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Photo of gold wedding ring placed on open bookPhoto of gold wedding ring placed on open book

These public health measures are in place to keep you, your guests and celebrants safe during the period of COVID-19.

Who the guidance is for

This guidance applies to:

  • any marriage taking place on or after 12 April 2021
  • all couples who are still planning to marry or hold a civil partnership in Jersey during the period of COVID-19. It is not currently possible to state how long the period of COVID-19 will last
  • legal marriage ceremonies (whether they are in a church or a civil venue) and to all civil partnership ceremonies
  • both indoor and outdoor venues
  • private homes and gardens
  • hospitality venues such as hotels, heritage sites and other commercial venues
  • any person present at a marriage or civil partnership ceremony

This guidance does not apply to wedding receptions and parties. There are separate public health measures in place for these events. 

Public health guidance on gatherings and events

Ceremony venues

All wedding ceremony venues need to comply with public health guidance. This includes

  • hotels
  • places of worship
  • heritage sites
  • other hospitality venues
  • a private home

It will be their responsibility to ensure that each room or area being used for a ceremony complies with public health guidance.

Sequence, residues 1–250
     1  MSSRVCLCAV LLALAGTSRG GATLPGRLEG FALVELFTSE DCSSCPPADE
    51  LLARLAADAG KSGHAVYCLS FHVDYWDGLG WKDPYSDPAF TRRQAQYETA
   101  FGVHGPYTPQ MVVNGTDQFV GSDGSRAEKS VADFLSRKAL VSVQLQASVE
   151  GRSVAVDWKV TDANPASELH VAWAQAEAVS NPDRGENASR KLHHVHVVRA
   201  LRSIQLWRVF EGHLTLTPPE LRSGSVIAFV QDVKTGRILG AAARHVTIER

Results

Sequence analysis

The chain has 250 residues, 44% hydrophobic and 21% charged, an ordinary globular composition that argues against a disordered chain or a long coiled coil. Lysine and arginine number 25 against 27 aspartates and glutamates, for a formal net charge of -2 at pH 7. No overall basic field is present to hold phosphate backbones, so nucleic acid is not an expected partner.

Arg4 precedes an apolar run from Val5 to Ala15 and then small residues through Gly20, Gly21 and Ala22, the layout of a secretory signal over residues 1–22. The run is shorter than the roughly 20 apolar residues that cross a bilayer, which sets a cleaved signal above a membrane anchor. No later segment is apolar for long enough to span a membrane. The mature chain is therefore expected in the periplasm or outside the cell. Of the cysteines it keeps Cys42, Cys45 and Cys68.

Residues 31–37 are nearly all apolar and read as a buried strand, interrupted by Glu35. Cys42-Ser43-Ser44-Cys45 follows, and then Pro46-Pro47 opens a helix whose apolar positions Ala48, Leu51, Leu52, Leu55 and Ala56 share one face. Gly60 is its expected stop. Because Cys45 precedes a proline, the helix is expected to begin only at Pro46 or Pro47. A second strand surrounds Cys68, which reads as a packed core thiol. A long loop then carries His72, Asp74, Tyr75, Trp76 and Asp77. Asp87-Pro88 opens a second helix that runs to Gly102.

If your ceremony is taking place at a private venue such as someone’s home, garden or field, it will be the owner and responsible person’s role to ensure that they comply with public health guidance.

Marriage celebrants - religious officials and authorised civil celebrants responsibilities

The person responsible for conducting your ceremony has a legal duty to make sure that the ceremony complies with public health guidance.

If your ceremony does not comply with public health guidance, they can halt or delay the ceremony to take the steps to make sure it is compliant.

If physical distancing requirements are not adhered to or the attendance number exceeds 46 persons without public health measures being enforced, the celebrant must refuse to conduct the ceremony until these measures are complied with.

Temporary Register Office

As the Office of the Superintendent Registrar is currently closed to the public, a temporary Register Office has been created at the Old Magistrate’s Court, Seale Street, St. Helier where small ceremonies can take place. Email weddings@gov.je for more information.

If you wish to marry at the temporary Register Office you will need to arrange for an Authorised Civil Celebrant (ACC) to conduct your ceremony.

The maximum attendees at this location remains 5 persons. This includes the couple getting married, the two witnesses and the celebrant.

Number of attendees at a ceremony

There is no limit on the number of people who may attend the solemnisation of a marriage or civil partnership if it is held in an indoor or outdoor venue.

However, if more than 50 people are present and the event is indoors all attendees aged 12 or over must wear a mask and provide contact details.

The exception is for those who are practicing or performing brass or wind instruments, or singing. Those who are singing are still strongly encouraged to wear masks while singing, even if not required to do so by law.

The exception for the solemnization of marriage and civil partnership is: